Monday, March 30, 2009

Warm Weather Memories

When I was very young, I lived in Provo, Utah. My dad was attending law school at BYU, and my mom was at home with little ones, practicing her specialty-in-life: Momming. We lived there until I was just barely 6, and then we drove across the country and settled in New Jersey.

California is already spring-like. The sunshine, the buds, the bees, the flowers, the longer daylight--it all beckons to be enjoyed. Conor and I spent a morning at the park, and several afternoons sitting on a blanket in the yard counting ladybugs (he names all of the ladybugs "Eva" from Wall-E) and eating frozen strawberry lemonade. My freckles are waking from their winter hibernation. Conor eats sour grass like there was no tomorrow. He watches the bees drinking juice so they can make us honey. I lay on the blanket and read Plato and he lays next to me and reads How Many Bugs in the Box? And then Aiden comes walking down the street, home from school, and he joins us. I just love warm weather that isn't hot. You know what I mean.

I have very vivid, though sporadic, memories of my childhood days in Provo. I remember fruit bats hanging from the eaves. I remember our garden where my little friends and I, and my "Little Buddy", Ethan, would catch grasshoppers. There were pink grasshoppers, if you could catch them. They were a prize, to be sure.

I remember our neighbors across the way (we lived in duplexes that faced one common driveway/carport) caught, jarred with funny smelling stuff, and then pinned to styrofoam, pretty little butterflies. At the time I remember being equally intrigued with the close-up view of them, but also being sufficiently horrified that they were hurting God's creatures.

I remember that we used to make mud pots. Like tea pots. Step by step with a flat base, a rounded pitcher, a spout, and a handle. Over and over we made mud pots. My mom never told me to get out of the mud, or even to wash my hands.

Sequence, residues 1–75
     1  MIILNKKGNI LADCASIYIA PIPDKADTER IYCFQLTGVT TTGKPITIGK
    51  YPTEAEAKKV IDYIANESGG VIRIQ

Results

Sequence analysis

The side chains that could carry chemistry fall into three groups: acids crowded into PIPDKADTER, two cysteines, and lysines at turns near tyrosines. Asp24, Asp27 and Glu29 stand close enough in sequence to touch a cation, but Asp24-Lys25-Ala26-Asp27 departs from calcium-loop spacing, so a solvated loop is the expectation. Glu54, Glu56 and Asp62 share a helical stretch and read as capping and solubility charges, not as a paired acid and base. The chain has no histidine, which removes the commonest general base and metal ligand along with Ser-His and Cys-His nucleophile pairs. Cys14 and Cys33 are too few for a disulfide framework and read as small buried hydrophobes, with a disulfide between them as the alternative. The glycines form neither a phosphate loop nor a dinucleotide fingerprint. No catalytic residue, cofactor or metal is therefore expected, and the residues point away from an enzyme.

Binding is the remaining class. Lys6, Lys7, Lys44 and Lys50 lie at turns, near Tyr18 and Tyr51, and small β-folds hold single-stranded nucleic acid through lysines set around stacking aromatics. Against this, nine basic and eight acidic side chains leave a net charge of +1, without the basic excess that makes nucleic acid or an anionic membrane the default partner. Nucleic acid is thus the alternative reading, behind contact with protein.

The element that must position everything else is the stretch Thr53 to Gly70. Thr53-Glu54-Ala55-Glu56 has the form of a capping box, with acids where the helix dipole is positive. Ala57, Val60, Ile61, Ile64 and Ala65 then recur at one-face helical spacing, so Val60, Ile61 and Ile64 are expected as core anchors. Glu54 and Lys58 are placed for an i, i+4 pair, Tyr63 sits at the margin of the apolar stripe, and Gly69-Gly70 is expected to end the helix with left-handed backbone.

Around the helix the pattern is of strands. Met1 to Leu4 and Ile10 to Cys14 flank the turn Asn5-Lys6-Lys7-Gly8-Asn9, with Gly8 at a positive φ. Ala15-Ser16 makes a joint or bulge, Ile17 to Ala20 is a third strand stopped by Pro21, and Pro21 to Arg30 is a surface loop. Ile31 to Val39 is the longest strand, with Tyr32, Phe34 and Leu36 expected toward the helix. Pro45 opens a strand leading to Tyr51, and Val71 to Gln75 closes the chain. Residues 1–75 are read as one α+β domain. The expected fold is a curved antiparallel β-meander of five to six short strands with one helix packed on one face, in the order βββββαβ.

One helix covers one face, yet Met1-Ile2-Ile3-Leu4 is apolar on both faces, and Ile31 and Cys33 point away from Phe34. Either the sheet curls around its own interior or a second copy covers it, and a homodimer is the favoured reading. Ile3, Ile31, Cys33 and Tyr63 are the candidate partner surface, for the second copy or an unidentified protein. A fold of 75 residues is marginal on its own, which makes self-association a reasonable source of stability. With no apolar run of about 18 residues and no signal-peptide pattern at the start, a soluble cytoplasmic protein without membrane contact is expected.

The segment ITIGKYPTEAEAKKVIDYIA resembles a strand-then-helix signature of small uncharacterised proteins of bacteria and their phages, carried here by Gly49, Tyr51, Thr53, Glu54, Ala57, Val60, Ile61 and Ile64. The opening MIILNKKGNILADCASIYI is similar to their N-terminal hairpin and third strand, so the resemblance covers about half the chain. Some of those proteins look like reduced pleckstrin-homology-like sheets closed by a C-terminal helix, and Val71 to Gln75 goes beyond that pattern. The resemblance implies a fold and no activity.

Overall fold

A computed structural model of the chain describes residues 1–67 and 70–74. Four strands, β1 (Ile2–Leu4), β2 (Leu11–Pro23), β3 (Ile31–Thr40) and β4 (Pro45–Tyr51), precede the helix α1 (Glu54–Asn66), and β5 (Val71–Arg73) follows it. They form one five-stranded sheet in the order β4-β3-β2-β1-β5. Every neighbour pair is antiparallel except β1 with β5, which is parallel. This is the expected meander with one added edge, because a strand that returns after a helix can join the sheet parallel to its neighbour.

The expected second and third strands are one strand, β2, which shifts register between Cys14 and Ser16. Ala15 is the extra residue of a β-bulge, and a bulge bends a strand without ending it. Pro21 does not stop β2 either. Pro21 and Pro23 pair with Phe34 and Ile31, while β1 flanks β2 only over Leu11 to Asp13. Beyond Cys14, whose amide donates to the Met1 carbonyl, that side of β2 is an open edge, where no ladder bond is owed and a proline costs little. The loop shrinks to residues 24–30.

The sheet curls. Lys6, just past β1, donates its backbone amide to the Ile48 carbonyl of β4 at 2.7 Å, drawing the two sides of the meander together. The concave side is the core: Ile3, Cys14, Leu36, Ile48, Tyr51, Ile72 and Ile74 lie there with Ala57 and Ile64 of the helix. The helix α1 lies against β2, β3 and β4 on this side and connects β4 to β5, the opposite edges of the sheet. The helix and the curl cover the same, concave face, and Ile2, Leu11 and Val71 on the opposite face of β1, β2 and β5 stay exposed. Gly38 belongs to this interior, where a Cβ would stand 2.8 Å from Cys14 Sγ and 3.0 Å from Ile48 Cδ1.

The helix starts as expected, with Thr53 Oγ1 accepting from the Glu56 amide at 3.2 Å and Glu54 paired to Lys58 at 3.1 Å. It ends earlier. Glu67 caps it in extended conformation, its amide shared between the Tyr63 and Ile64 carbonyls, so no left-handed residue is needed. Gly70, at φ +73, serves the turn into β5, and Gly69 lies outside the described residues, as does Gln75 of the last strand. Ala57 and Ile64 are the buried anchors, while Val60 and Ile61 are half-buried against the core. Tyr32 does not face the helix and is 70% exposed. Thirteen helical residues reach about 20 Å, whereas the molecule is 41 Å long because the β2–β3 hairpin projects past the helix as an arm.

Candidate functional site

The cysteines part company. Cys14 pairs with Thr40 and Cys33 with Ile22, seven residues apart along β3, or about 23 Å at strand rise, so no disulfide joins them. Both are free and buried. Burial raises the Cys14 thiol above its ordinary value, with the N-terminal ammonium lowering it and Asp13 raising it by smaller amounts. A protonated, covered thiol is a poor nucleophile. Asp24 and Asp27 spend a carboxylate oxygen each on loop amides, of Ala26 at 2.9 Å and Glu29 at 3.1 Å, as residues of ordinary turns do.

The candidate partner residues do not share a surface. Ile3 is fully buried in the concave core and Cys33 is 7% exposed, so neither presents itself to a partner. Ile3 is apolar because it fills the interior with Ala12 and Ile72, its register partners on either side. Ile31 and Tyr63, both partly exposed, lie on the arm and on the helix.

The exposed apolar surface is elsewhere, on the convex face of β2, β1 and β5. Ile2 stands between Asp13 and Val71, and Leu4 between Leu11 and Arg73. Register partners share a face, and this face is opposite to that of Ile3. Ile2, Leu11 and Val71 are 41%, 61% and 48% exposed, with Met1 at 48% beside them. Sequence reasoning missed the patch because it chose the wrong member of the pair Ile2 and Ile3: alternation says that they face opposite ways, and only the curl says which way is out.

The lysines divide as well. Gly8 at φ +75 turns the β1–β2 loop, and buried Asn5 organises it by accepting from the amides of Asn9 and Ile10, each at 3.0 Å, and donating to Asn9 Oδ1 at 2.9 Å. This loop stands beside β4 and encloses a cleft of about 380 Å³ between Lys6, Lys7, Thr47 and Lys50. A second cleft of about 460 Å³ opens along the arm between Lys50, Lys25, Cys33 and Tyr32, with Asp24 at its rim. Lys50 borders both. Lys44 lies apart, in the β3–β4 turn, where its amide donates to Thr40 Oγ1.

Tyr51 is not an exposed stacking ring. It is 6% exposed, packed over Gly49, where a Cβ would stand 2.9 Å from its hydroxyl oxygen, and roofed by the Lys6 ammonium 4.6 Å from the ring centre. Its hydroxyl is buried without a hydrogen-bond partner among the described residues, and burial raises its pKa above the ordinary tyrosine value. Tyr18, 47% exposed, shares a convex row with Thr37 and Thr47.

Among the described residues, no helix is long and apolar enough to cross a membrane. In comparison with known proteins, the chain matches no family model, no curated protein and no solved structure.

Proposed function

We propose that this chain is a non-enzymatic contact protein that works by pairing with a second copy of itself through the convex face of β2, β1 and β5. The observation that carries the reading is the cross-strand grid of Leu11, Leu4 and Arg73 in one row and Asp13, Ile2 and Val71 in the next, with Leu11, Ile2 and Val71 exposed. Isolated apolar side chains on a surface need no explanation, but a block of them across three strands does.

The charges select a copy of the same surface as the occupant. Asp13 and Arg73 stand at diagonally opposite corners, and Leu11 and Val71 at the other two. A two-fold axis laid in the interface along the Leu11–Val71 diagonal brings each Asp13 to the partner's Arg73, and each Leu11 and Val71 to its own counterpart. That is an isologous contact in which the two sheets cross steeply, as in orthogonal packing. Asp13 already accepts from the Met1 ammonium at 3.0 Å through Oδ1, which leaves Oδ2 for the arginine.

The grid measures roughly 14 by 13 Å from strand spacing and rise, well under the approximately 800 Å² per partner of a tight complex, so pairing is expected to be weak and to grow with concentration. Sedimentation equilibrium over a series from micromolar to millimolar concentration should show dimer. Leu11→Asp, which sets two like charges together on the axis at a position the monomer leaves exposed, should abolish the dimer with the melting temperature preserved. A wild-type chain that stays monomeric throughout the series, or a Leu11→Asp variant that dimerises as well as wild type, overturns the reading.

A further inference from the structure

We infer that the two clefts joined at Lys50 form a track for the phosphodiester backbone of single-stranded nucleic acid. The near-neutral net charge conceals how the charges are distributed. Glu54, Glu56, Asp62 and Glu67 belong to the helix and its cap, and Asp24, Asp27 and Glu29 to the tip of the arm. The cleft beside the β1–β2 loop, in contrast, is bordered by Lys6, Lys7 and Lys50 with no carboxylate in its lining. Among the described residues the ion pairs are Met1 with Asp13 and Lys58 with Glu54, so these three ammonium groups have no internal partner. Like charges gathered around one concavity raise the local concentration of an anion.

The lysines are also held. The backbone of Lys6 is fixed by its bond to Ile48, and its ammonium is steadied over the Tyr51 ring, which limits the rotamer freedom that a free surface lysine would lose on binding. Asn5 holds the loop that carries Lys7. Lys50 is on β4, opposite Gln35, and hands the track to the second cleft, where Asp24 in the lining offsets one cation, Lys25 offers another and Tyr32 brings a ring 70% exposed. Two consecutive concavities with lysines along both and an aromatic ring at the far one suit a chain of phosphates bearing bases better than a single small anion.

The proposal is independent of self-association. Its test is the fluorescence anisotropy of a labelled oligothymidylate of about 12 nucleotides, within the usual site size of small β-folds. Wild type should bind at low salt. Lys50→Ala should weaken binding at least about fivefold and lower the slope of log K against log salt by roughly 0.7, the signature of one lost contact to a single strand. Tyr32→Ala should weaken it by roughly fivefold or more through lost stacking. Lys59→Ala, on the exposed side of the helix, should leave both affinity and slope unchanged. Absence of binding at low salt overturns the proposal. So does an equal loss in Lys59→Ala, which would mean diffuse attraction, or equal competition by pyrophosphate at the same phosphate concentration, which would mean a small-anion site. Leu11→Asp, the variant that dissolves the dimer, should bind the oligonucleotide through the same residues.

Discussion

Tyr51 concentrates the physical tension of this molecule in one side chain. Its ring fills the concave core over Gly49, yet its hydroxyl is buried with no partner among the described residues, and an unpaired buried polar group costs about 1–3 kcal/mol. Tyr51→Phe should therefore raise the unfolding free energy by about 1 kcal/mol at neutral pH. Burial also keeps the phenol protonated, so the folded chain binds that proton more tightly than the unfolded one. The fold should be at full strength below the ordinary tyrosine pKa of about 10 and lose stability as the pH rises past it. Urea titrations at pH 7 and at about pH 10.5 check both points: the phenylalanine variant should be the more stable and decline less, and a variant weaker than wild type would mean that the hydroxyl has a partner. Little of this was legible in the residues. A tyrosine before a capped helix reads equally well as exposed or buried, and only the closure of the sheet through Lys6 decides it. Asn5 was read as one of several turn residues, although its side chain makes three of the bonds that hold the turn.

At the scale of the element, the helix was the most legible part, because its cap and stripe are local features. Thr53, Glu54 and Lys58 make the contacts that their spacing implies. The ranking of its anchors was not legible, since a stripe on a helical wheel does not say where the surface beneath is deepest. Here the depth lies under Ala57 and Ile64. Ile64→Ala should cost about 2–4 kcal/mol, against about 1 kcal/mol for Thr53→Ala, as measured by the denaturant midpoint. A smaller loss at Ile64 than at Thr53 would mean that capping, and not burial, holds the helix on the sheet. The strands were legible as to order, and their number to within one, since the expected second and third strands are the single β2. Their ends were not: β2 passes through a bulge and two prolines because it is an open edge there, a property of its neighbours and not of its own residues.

I remember the walk to school, kindergarten at Timpanogas Elementary, with Mrs. Hatfield. I remember walking to the corner, turning left, and running my hand along the black wrought-iron fence that enclosed the yard of a white house. The yard had white iron circular benches that went around the trunks of the trees. I thought they looked so fancy.

I remember playing at my little friend's house down the street a bit. Her mom was a ballet teacher and they had a coffee table in their livingroom with a groove that was carved all the way around the perimeter of it. We would play her "It's a Small World" and "I'd Like to Teach the World to Sing" records and walk around and around that coffee table, tracing our little index fingers in the groove as we walked and sang.

Life was so innocent then. Filled with promise. Happy-go-lucky. I didn't know anything about broken hearts, bills, deadlines, or worry. I had some big-girl thoughts, but I mostly just enjoyed the freedom of my imagination, and the warm sunshine. My freckles never hibernated in those days, I think.

When I count ladybugs in the grass with Conor, calling each one by name, I long for those days when that was all I really had to do that day. Just watch bugs. Name them Eva. Eat frozen lemonade. I hope my children have similar happy memories. Their lives have had considerably more stress and upheaval than mine did. They were robbed of some of their innocence, I'm sure. But, I also must tell myself that it will serve them well, was necessary in the molding of their character, will only broaden their hearts and make them more accessible to suffering people the world over.

Now they are growing and busy. They have many demands on their time, and they are setting and achieving the goals that they want for their lives. But when the sun comes out, and the daylight lingers, I hope they still remember how to play. No cares. And I hope the springtime reminds them of happiness. Always.

Wednesday, March 25, 2009

In the Kitchen

Despite the increasing busyness of my family, I remain a firm believer in the family sitting around the table for dinner as often as possible. It's the way it's always been for my children, and so I sometimes take it for granted that the family dinner time is becoming extinct in many busy households. There have even been television ads promoting its benefits, which are many. Who knew? Well, maybe God, when he instituted families in the first place.